I have suggested, on more than one occasion, that anti-IP lobbyists are the equivalent of modern day Luddites. However, many of us, at some stage in our life, have experienced a temptation to buy an article which they know flouts the rigid possessiveness of intellectual property rights. Merely being IP attorneys doesn’t exempt us from that temptation, per se, but it has led me to consider how IP law affects the lives of non-IP practitioners; the distinction between IP practitioners and everyone else (the other 99.99999% of people that inhabit this planet) being important merely in terms of awareness of IP law.
So how does IP affect our everyday lives? IP rights are everywhere, and underlie much of our everyday activities, every time we go shopping, pick up a phone or go for a drive. The list is endless. But what is its purpose? And once we have established its purpose, are there any unintended benefits that it provides? Are there any direct, tangible benefits that those who do not actually own IP receive due to the existence of IP laws?
We know that the basic reason for IP laws is to encourage innovation, ensuring commercial rights of an inventor of an arguably useful widget, a designer of a new product or provider of a great service. It can be argued that ensuring these rights indirectly helps to drive society to develop more and better ‘things’, many of which are beneficial to society itself.
But what about benefits, if any, to non-IP owners?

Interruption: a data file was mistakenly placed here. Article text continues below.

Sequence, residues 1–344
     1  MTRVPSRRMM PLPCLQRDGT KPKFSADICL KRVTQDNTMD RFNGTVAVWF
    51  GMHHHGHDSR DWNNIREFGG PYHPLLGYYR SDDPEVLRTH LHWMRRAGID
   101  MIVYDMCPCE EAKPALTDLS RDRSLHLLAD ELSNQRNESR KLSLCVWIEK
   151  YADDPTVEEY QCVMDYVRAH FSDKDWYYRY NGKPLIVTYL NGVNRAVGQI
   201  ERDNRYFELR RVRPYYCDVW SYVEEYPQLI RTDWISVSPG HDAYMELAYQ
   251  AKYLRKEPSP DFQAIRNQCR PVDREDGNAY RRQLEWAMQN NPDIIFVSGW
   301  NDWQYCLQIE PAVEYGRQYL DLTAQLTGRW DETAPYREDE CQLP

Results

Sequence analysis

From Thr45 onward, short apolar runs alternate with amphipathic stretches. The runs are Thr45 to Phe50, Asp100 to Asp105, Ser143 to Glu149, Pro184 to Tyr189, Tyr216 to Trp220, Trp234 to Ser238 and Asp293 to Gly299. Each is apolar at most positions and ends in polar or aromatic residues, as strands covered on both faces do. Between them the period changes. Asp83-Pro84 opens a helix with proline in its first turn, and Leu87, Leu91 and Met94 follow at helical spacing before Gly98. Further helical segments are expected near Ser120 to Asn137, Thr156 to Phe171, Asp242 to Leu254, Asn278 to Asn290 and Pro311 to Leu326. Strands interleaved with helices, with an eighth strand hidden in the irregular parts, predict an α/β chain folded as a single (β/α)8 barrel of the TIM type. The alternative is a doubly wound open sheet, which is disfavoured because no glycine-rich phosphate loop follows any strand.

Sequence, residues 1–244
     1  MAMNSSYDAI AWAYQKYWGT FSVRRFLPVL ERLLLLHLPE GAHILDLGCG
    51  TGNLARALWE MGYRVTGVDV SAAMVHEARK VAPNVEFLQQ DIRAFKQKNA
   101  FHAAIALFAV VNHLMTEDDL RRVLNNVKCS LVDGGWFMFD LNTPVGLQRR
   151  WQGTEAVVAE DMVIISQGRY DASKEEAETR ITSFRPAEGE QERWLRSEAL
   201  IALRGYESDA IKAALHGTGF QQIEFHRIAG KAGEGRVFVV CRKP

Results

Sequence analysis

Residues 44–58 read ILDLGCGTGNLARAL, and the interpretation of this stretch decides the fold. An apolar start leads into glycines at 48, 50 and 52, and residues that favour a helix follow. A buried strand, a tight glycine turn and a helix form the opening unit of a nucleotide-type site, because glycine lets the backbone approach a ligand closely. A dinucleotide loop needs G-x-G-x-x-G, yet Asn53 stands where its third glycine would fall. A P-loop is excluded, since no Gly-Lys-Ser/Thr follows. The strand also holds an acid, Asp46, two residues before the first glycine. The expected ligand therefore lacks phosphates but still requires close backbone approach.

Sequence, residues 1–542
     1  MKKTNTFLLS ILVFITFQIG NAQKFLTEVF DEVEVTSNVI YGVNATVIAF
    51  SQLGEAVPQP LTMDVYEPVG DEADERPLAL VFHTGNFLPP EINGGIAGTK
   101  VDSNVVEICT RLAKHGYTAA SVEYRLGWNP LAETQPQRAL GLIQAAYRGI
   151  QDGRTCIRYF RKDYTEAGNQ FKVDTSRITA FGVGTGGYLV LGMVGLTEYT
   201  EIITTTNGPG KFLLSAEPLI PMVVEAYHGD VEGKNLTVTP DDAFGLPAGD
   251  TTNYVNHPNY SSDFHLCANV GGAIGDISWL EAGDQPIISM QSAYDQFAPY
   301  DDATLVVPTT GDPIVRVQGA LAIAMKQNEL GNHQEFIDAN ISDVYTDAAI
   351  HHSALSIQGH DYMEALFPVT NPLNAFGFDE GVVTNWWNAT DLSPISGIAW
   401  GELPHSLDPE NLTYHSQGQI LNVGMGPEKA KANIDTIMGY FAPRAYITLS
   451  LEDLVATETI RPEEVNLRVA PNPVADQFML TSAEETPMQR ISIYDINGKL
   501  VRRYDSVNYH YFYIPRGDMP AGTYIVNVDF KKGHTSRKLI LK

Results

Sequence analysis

I was first drawn to thinking about this when I read that “British consumers now twice as likely to buy a counterfeit electrical product”. This is the title of a report recently issued by the UK charity Electrical Safety First. According to the report, one in twelve people said that they would choose to buy a suspected fake electrical product if it was cheaper than the original.
Initially, my reaction was focused on the statistics. After all, the phenomenon, per se, is not new. But then I started thinking that there is more to it than a mere growth in the market of counterfeits. Buying a fake electrical product is not the same as, for example, buying a fake fashion item. Yes, those that buy fake fashion items have committed a form of theft from the brand owner, but this is a theft that they can get away with. As opposed to a fake electrical appliance, a fake fashion item will not literally blow up in their face. And herein lies the problem.
“Hoverboard warning as units burst into flames” is the title of an article in The Australian Business Review which, in December last year reported that Australia’s hottest Christmas toy the “hoverboard” is so hot that some units are bursting into flames, a happening being put down to cheap clones flooding the market.
A problem indeed(!) No one died, but who’s to say that they couldn’t have?
And then I remembered a recent story about an Apple® product.
“Apple recalls power plugs over electric shock risk” is the title of a report on CNN in early 2016 which related how the company was recalling millions of power adapters because they could cause an electric shock. (In fact, one of these plugs burst into flame in my home, late 2015).
I can hear the anti-IP lobby claiming that if it’s also happening to the manufacturer of the genuine article, supposedly protected by patents and trademarks, then “why should I pay more for the genuine article when it’s just as likely to burst into flames?”